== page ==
Those big bills are coming due, and many people are having trouble paying off the debt.
Money magazine Managing Editor Eric Schurenberg says that "just shows that an awful lot of Americans are walking too close to the edge, financially. And so anything can tip them over. In this case, maybe it was $3-a-gallon gas."
He added, to The Early Show co-anchor Rene Syler, "But any unexpected cost, when you're that close to the edge, could put you over."
Asked how so many got into that quandary, Schurenberg explained, "There are too many temptations to spend. Credit is too easy, credit standards are lowering. Interest rates were low. It just seemed like something we could all get away with."
And, he cautioned, this could be a bad sign for the economy as a whole.
"The economy really depends on consumers being willing to spend," Schurenberg says. "The fact that there are so many people who aren't able even to pay off credit card loans, that's worrisome. It means the consumer may have to … close up that wallet, and that would be very bad for the economy."
How do you know you're in trouble?
"There are lots of warning signs. One is that you only make the minimum payment every month. If you do that, it's going to take you a long, long time to pay down your credit card balances."
As for tips to help people dig out of any financial hole they might find themselves in, No. 1 is that you "assess the problem. Look at where your money is going. You can't plug the leak if you don't know where it is. So, look at your checkbook register, go back to your credit card statements, and find out where you are spending money that you could cut back."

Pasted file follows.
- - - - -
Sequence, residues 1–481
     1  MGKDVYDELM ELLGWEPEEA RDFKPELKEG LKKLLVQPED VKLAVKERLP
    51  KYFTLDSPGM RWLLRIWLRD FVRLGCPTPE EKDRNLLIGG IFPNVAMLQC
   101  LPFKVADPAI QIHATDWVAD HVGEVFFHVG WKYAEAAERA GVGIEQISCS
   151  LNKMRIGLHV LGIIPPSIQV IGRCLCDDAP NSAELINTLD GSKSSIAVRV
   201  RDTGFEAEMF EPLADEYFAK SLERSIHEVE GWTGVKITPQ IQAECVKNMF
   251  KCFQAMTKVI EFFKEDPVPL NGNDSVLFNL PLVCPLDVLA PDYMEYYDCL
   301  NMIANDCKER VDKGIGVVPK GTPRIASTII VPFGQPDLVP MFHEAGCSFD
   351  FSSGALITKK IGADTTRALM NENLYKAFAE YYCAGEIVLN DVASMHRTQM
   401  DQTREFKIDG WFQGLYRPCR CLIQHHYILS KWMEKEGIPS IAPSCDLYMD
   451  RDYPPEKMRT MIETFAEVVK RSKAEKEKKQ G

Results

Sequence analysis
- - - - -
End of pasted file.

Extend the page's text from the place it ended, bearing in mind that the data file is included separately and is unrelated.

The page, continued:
Also, find out your credit score: "You can look it up. The way to keep your credit score high, which is a way of keeping your interest payments low, is to pay off your debt, on time, every month. But another thing: If you're paying down a credit card, balance on a card, choose the card where you have the highest balance relative to your total credit limit. Lenders like to see that you're not borrowing every penny you could borrow."
Syler said her mother "used to always preach, 'Talk to your creditors. If you get in trouble, make a phone call and ask them to help you out a little bit.' "
Schurenberg had one bit of fine-tuning for that one: "You kind of have to warn them ahead of time that that's coming."
More advice: "Get help if you need it, and once ahead, stay ahead. Once you're ahead, cut up those credit cards. Use your debit (card) instead of your credit. Don't fall back into the same hole."
With winter around the corner and sky-high heating bills ahead, Schurenberg admits, "it's tough" for people living on the edge.
"It's time to assess the situation. Make sure you are at least saving some money, so you have a cushion."